Modelling
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MASS ACTION KINETICS MODEL
With the help of Imperial College’s 2020 Math Modelling paper ^{[1]}, we created a mass action kinetics model, which models the concentration of our final miRNAantimiRNA complex relative to time and initial miRNA concentration.
Initially: to form an miRNAantimiRNA AND gate complex, we need both the 2103p and 5175p miRNAs. Whichever miRNA has the lowest concentration will be the limiting factor, and hence the concentration of the lesser miRNA is considered as the concentration of the binding molecule.
Assumptions
 The binding rates of the two miRNAs are equal
 Two similar miRNAs, will have minimal variance in bond formation and interactions with targets
 The concentration of miRNA = the concentration of the limiting miRNA
 The lesser miRNA is the limiting factor, and hence the excess of the greater miRNA does not have to be considered
 The hill coefficient of the miRNAs binding to the antimiRNA = number of binding sites = 2
 In an ideal situation, the coefficient of the ligand is the hill coefficient. In reality, due to successive binding, it will be around 1.2.^{[2]}
 k_{d}: rate of backwards reaction is half the rate of k _{a}
 Assumption given that the forward reaction is favourable but is still reversible. We could not find an exact value for the miRNA dissociation.
 Assumes all m bind to A simultaneously, not in succession
 Allows anyone to adapt our model with little to no experimental data
 Diffusion take 0 time, ie is instantaneous
 Our system is a weakly viscous liquid solution, which justifies our assumption
Variables:
 A=antimiRNA
 m=miRNA
 C=complex

k=rate
 k_{a}=rate of forward reaction
 k_{d}=rate of forward reaction

K=equilibrium constant
 K_{a}=Forward association reaction
 K_{d}=Backwards dissociation reaction
Constant  Value 

Rate of miRNAmRNA binding (when miRNA is the limiting factor)  2x10^{3}/mole/sec^{[3]} 
From basic stoichiometric factors that our complex formation equation will look like:
 \(A + nm ⇌ C\)
 n = 2 (Number of miRNAs binding to our antimiRNA. In an ideal world, this is our Hill coefficient, where the two miRNAs show high positive cooperativity. In reality the hill coefficaient will be around 1.2^{[4]}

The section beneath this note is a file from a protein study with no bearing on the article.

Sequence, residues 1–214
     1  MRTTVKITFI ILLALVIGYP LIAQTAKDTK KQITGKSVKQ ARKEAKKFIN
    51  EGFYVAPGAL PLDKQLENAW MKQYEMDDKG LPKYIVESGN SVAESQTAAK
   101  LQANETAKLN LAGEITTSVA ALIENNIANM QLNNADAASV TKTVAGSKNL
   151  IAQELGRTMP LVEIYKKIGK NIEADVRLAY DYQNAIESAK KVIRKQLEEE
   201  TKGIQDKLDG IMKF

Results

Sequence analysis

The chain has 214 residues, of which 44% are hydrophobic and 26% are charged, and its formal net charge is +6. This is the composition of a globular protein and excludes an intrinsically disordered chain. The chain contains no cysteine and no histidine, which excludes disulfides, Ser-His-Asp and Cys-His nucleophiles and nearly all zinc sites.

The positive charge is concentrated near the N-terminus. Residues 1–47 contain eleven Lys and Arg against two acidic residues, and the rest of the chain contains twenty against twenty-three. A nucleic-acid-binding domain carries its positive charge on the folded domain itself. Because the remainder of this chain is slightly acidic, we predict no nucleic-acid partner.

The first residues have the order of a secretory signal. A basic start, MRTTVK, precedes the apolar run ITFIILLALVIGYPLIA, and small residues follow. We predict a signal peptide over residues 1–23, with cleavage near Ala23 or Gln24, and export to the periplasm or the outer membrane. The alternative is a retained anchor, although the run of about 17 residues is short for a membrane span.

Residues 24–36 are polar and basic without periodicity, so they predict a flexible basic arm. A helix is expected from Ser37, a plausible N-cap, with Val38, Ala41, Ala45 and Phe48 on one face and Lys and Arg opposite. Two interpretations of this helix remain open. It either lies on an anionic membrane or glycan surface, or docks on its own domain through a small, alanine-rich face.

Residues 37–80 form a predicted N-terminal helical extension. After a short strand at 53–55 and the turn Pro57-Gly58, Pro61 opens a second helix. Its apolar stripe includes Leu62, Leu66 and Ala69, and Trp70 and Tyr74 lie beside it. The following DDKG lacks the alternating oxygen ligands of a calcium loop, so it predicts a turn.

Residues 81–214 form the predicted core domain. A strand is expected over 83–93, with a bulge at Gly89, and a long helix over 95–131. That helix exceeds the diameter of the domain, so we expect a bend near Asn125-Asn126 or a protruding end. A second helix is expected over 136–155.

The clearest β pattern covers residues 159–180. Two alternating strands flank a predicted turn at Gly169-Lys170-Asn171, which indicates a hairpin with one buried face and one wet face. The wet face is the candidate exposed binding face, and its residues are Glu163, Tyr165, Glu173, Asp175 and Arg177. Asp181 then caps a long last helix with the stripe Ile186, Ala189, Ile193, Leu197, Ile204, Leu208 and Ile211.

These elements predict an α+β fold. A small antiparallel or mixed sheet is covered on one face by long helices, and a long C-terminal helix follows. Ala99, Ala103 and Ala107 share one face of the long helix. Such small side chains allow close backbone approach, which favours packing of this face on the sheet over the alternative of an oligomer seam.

\(A + 2m ⇌ C\)
From general equilibrium constant rules, we know that:
 \[\boldsymbol{K_a} = \frac{[C]}{[A][m]^n} \]
 \[\boldsymbol{K_b} = \frac{[A][m]^n}{[C]} \]
At equilibrium, the change in complex concentration will equal 0
 \[\frac{d[c]}{dt} = \boldsymbol{k_a[A][m]^2  k_d[C] = 0} \]
 \[\boldsymbol{k_a[A][m]^2  k_d[C] = 0} \]
 \[\boldsymbol{\frac{k_a}{k_d} =} \frac{[C]}{[A][m]^2} \boldsymbol{= K_a} \]
 \[\boldsymbol{K_d = \frac{k_d}{k_a}}\]
Applying the Hill equation from the Imperial College Paper:
 \[The \ ratio \ of \ Bound \ A:Total \ A = \frac{[C]}{[A]+[C]} = \theta \]
 \[Subbing \ in \ [C] = \frac{[A][m]^2}{K_d} \]
 \[Becomes: \theta = \frac{(\frac{[A][m]^2}{K_d})}{[A] + \frac{[A][m]^2}{K_d}} \]
 \[Divide \ through \ by \ [A] \ and \ multply \ numberator \ and \ denominator \ by \ K_d \]
 \[We \ obtain: \frac{[m]^2}{K_d + [m]^2} \]
In action we know that:
 \[ [C] = [A_{initial}] * \theta = [A_{initial}] * \frac{[m]^2}{K_d + [m]^2} \]
We know that:
 \[ From \ research: \ k_a = 2*10^{3} \ mol^{1}s^{1} \]
 \[ And \ from \ assumption: \ k_d = \frac 12 k_a\]
 \[ Therefore: \ K_d = \frac{k_d}{k_a} = \frac 12 \]
We know that \( \boldsymbol{A + 2m ⇌ C}\)
 And we need \([A_{initial}]≥ ½ [m]\)
 To set \([A_{initial}]\) to the minimum for it to not be a limiting factor, \([A_{initial}] = ½ [m]\). By doing this, we can reduce the wastage of the excess of \([A_{initial}]\)
Therefore:
 \[[C_{equilibrium}] = [A_{initial}] * \frac{[m]^2}{K_d + [m]^2} \]
 \[= \frac 12 [m] * \frac{[m]^2}{\frac 12 + [m]^2} \]
 \[= \frac{\frac 12 [m]^3}{\frac 12 + [m]^2} \]
Plotting this graph, with [m] on the horizontal axis and [C] on the vertical axis we get a graph looking like:
This graph shows the relationship between final complex concentration relative to the initial lesser miRNA concentration. Beyond the limits shown on this graph, the equations becomes nighlinear.
Now we go back to our initial steps.
\[We \ iterated: \frac{d[c]}{dt} \boldsymbol{=k_a[A][m]^2k_d[C]}\]
over time to figure out the complex concentration against time, knowing that \(k_a = 2*10^{3} \ mol^{1}s^{1}\) and \(k_d\) is assumed to be half of \(k_a\).
The purpose of this step was to identify at which point in time the concentrations of the complexes significantly differed between preeclampsia patients and unaffected people.
From our preliminary project research, we found out that the miRNAs in preeclampsia patients were upregulated by 4 fold. With this information, we produced two graphs, one of which had quadruple the concentration of miRNA of the other, ie: 0.1M and 0.4M.
In addition, we did not set our anti miRNA concentration to double the miRNA concentration as we wanted to keep the miRNA concentrations as our only independent variable. Therefore, we set anti miRNA concentration to an excess of 2M instead of 0.2M and 0.8M respectively.